Many users are reluctant to change their browser, and hence getting ubiquitous user adoption may take a long time unless this gets added to Internet Explorer. Moreover, dealing with device interfaces in a portable manner is a challenge. It is also not clear how the devices should be accessed across multiple instances of the same browser or different browser.

In the past, incompatibility in HTML among browsers has been a nightmare for web developers, and extending HTML for yet another feature is bound to cause more interoperability problems. Two interoperability scenarios are significant: between browsers from different vendors running the same web page, and between two different web sites. The latter is tricky from security point of view if open standards are used because the web site owners would want to restrict communication of its user to another web site user, whereas the protocol will be capable of such communication.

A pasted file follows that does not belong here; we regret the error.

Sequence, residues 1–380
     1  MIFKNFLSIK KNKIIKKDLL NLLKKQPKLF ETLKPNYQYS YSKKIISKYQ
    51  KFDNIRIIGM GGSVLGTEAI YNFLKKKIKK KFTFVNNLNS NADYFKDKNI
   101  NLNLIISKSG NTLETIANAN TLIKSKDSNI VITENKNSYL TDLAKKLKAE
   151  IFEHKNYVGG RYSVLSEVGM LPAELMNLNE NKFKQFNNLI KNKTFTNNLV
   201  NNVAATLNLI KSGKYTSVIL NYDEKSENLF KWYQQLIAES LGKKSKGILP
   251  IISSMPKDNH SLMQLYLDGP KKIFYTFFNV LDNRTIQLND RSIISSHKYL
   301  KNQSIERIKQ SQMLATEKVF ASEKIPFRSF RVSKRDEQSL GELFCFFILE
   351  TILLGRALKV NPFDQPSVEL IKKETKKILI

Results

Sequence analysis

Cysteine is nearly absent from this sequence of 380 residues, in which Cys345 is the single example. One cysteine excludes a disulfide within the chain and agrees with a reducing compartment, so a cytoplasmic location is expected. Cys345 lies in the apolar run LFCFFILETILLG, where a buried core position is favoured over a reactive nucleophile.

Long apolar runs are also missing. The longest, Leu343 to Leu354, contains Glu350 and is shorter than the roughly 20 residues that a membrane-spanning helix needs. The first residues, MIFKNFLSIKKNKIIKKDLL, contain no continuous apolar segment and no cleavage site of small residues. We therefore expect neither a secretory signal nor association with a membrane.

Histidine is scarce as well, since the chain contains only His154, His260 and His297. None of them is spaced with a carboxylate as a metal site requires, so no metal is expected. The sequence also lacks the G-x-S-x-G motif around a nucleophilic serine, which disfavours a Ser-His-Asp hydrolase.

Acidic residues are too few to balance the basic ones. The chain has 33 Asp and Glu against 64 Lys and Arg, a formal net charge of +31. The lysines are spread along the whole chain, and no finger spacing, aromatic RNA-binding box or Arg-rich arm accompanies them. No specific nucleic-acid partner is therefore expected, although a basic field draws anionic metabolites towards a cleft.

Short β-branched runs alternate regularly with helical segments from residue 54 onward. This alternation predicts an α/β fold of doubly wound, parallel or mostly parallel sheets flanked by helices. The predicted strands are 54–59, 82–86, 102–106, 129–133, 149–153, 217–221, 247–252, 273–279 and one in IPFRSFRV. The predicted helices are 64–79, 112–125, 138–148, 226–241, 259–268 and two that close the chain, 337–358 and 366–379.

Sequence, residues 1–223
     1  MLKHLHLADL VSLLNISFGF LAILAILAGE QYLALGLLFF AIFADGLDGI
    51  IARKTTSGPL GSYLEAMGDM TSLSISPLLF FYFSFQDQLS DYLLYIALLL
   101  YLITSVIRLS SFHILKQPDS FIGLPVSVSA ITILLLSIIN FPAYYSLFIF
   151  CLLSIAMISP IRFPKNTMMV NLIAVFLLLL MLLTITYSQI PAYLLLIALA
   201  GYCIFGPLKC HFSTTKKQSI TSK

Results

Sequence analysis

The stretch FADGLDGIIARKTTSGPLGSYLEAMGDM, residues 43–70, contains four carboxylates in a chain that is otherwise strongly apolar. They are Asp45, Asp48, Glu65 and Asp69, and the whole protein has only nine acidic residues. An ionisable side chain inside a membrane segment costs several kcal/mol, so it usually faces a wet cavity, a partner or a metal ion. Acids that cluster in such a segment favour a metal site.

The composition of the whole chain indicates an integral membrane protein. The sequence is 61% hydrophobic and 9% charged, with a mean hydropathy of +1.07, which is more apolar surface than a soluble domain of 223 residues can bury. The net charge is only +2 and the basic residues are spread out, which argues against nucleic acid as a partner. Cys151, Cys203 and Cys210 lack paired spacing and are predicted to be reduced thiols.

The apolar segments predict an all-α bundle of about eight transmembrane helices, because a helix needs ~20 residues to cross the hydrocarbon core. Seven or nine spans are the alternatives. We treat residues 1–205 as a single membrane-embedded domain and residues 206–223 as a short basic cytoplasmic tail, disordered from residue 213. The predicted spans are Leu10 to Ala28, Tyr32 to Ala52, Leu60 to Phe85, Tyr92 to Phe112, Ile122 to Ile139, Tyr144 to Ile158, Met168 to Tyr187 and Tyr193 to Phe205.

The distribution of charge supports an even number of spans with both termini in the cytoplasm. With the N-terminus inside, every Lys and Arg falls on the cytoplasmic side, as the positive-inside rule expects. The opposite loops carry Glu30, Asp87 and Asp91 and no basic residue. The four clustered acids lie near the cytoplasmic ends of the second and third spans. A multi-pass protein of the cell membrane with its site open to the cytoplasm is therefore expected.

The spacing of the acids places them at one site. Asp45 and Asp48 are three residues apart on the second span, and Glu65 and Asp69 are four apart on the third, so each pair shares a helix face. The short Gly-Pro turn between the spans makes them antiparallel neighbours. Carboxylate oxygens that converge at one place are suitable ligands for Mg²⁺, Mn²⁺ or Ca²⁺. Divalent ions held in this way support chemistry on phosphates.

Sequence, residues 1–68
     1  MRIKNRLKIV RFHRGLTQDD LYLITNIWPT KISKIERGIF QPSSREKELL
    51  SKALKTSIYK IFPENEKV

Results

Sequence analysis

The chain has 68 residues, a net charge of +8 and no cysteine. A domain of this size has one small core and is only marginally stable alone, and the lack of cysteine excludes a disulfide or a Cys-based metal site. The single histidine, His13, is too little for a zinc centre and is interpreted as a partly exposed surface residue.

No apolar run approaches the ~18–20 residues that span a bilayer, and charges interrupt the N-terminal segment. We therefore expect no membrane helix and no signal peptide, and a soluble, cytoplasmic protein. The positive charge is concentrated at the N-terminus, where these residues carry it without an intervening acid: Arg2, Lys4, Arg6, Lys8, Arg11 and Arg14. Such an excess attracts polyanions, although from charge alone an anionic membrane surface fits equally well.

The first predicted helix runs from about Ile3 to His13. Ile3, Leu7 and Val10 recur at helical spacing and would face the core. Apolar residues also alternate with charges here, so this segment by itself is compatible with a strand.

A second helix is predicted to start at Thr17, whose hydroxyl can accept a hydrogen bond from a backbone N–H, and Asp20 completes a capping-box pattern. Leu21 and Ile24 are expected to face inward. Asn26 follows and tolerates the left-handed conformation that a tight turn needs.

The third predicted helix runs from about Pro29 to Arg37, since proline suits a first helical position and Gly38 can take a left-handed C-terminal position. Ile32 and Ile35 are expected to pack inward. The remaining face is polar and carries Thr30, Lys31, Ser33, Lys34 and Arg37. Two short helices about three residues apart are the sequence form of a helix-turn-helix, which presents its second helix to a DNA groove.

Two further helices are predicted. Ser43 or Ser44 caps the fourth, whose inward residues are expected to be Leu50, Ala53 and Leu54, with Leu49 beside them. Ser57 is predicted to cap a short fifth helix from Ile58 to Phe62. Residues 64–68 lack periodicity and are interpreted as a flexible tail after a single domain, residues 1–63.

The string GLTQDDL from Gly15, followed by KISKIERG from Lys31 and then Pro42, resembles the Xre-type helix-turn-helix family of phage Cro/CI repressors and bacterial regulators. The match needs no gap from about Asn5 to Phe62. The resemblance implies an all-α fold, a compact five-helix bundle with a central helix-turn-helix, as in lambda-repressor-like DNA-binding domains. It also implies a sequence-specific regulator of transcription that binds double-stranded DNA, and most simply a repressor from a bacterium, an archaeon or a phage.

On the other hand, Flash Player has shown more ubiquitous availability on user's desktops and laptops than any specific web browser. Flash Player allows implementing platform agnostic software because all the incompatibilities between browsers and platforms are taken care by the plugin vendor.

Flash Player has the ability to do group communication by building scalable application level multicast tree among Flash Player instances. This is useful for one-to-many broadcast type communication scenarios. WebRTC is still in the initial phases of two party communication. Obviously, multiparty communication can be built on top of the two-party communication elements, but requires more effort to achieve efficiency.

In terms of video codecs, WebRTC provides open source high quality video codec, whereas Flash Player's camera captured video is still in outdated Sorenson codec, which is difficult to interoperate with non-Flash products. Availability of source code enables a WebRTC-based project to add new codecs as needed without depending on the vendor to provide new audio and video codec features.